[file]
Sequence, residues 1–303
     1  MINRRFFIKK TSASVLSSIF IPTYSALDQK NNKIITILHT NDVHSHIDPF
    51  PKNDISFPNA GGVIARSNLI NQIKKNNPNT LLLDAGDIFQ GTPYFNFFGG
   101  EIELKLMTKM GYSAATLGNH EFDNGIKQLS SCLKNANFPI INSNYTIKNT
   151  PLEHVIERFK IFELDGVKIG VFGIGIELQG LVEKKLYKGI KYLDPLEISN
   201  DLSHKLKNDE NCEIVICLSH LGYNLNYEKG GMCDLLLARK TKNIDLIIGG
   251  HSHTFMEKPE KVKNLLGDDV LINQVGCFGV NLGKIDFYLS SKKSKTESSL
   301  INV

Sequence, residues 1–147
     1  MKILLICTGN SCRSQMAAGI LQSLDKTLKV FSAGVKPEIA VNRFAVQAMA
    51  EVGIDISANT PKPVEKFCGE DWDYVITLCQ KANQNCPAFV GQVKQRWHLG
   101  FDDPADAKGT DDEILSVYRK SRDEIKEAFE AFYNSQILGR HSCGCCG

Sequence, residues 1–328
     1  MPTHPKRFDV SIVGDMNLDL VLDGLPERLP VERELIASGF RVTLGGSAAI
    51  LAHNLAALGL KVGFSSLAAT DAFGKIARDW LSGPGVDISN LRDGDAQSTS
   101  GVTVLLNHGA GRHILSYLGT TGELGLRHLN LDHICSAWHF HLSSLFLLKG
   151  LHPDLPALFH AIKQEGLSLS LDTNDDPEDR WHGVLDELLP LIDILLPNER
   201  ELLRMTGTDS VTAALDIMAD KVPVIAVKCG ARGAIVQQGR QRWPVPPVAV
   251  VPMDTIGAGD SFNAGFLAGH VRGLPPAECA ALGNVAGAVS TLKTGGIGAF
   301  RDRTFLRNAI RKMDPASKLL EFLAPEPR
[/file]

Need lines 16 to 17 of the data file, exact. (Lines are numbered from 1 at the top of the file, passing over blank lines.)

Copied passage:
   101  GVTVLLNHGA GRHILSYLGT TGELGLRHLN LDHICSAWHF HLSSLFLLKG
   151  LHPDLPALFH AIKQEGLSLS LDTNDDPEDR WHGVLDELLP LIDILLPNER